Five of the artists were invited to participate by the Society for Contemporary Craft in Pittsburgh, which organized the show. The other five were selected through a national competition. Some you might recognize. Tina Brewer, Beverly Buchanan, Nick Cave, Robert Peppers and Joyce Scott are the invitees; Sharif Bey, June Gaddy, Cheryl Riley, Lydia S. Thompson and Michele S. Turner emerged from the competition.

All are presented as craft artists, but this too is misleading. Some use traditional craft techniques and materials, but the point of the show isn't craft per se, it is material expressiveness. Although the artists work in ceramic, fiber and wood, this show might have been designed to demonstrate that the categorizations "craft" and "mainstream art" have come to be essentially meaningless. This art is as mainstream as art gets.

One judges this exhibition instead on how effectively it evokes African American cultural identity and memories of African ancestry. On that score, regardless of individual inspiration, there's no mistaking that "artists of color" produced the more than 30 works on view.

Bey's gargantuan necklaces of ceramic beads, which resemble sculpture more than jewelry, intend to explore contemporary black racial consciousness, especially as it's expressed by urban youth through "bling" and "ice," street slang for jewelry. Peppers explains that his impressive cruciform stelae, which resemble monuments, were inspired by African American "memory jugs," embellished with mementos of the deceased.

Buchanan's small, deliberately crude house sculptures, some painted and some raw wood, celebrate the shack communities of rural America. Gaddy revives memory by copying family and historical photographs onto period dresses, themselves artifacts of black American history.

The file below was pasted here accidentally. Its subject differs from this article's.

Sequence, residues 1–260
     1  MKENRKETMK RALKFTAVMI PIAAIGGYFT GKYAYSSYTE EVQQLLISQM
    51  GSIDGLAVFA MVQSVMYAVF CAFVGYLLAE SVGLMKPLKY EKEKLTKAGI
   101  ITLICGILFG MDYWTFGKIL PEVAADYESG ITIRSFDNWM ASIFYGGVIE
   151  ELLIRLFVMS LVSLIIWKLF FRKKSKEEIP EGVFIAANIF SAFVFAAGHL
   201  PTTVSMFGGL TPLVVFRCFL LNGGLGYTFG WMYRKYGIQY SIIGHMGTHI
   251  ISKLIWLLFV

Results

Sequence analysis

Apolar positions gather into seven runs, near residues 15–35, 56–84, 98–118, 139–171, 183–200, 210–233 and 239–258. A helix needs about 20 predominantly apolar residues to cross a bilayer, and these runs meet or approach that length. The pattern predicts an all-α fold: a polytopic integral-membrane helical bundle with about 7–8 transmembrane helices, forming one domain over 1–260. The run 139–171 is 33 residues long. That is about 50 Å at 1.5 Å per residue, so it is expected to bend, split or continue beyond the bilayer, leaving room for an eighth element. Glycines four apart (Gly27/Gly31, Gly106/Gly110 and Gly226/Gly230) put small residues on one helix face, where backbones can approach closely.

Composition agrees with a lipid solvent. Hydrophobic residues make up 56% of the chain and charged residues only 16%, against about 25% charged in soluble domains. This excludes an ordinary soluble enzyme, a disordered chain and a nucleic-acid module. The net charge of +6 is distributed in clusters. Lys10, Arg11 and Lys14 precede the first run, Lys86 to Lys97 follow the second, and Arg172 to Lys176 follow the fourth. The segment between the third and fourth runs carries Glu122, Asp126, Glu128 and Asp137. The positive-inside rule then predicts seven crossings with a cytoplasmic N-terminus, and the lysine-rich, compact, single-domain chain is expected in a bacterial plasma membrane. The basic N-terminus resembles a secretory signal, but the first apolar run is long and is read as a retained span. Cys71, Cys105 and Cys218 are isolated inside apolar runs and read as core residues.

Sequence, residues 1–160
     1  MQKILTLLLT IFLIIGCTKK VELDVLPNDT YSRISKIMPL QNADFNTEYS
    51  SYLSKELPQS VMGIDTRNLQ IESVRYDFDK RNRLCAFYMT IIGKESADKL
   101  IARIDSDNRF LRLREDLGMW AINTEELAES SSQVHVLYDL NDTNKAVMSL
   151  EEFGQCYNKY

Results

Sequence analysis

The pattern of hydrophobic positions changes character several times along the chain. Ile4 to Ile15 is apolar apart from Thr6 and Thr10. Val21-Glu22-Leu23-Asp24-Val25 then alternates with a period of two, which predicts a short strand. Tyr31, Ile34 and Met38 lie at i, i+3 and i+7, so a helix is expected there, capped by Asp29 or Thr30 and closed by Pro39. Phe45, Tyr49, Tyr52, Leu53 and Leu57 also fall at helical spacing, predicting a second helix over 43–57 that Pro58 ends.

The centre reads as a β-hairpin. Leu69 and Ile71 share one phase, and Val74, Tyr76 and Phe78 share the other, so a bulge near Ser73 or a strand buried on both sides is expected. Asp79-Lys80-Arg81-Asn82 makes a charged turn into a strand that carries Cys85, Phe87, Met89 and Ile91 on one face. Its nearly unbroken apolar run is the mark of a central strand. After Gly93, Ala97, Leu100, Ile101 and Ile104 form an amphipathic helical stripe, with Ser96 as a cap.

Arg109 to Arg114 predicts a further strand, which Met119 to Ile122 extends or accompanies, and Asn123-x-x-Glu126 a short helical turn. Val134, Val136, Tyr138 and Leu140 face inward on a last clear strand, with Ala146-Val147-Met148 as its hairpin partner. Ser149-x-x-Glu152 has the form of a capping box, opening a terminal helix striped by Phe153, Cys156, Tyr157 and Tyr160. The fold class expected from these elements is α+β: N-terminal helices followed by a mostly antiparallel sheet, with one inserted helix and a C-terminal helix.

Turner refers to Africa directly through her carved and painted gourds. Perhaps the most evocative piece in the show, especially because of its title, is Brewer's lively quilt I Come From a Long Line of Big Boned Black Women.

"Color" delivers much of what we have come to expect from culturally oriented African American art - use of found objects and decorative panache, seen especially in Cave's fabric construction, Plot, which is an 8-foot wall-hung disc, and in Scott's ethereal beaded constructions. There's a strong totemic quality to the show, exemplified by Riley's small box sculptures encrusted with beads and shells.

One thing there isn't a lot of is effusive color. It isn't entirely absent, but for the most part the work doesn't generate emotional voltage from the kind of vibrant color that makes African textiles so life-affirming. Perhaps that's a plus; why should artists "of color" be stereotyped as artists who indulge in color for its own sake?

Art: Gone to the Dogs

"Elliott Erwitt: Dog Dogs" continues at the James A. Michener Art Museum, 138 S. Pine St., Doylestown, thrugh Aug. 31. "Color" continues through July 6. Hours are 10 a.m. to 4:30 p.m. Tuesdays through Fridays, 10 to 5 Saturdays, and noon to 5 Sundays. Admission is $6.50 general, $6 for visitors 60 and older, and $4 for students with current ID. Information: 215-340-9800 or